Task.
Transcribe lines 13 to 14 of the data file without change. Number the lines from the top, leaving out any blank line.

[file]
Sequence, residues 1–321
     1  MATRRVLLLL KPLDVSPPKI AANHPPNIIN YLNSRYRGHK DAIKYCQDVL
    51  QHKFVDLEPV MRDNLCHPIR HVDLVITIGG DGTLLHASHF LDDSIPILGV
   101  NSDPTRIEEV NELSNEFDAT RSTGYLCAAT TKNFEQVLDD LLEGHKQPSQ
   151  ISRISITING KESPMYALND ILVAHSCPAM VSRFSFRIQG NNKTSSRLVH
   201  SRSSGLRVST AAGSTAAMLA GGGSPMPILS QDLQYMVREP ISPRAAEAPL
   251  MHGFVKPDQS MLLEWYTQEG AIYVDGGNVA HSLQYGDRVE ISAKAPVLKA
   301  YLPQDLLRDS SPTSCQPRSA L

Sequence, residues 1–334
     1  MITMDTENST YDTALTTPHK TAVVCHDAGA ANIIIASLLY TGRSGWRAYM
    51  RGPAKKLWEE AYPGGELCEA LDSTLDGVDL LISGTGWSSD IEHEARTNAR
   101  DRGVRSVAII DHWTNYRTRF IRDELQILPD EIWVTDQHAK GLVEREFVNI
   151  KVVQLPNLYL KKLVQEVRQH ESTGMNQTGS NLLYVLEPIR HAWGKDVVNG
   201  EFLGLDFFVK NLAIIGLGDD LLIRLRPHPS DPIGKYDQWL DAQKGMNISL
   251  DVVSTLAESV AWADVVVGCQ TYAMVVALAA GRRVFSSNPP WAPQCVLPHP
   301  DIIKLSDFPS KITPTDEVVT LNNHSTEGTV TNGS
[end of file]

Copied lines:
   151  KVVQLPNLYL KKLVQEVRQH ESTGMNQTGS NLLYVLEPIR HAWGKDVVNG
   201  EFLGLDFFVK NLAIIGLGDD LLIRLRPHPS DPIGKYDQWL DAQKGMNISL